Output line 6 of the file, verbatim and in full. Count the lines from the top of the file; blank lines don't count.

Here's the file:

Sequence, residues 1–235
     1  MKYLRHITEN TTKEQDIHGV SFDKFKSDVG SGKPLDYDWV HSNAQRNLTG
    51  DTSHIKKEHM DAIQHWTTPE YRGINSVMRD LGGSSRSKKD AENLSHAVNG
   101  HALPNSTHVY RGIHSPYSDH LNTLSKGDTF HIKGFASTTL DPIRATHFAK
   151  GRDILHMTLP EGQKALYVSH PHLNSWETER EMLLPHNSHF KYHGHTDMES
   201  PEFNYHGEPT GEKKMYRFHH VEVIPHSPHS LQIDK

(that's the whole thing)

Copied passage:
   201  PEFNYHGEPT GEKKMYRFHH VEVIPHSPHS LQIDK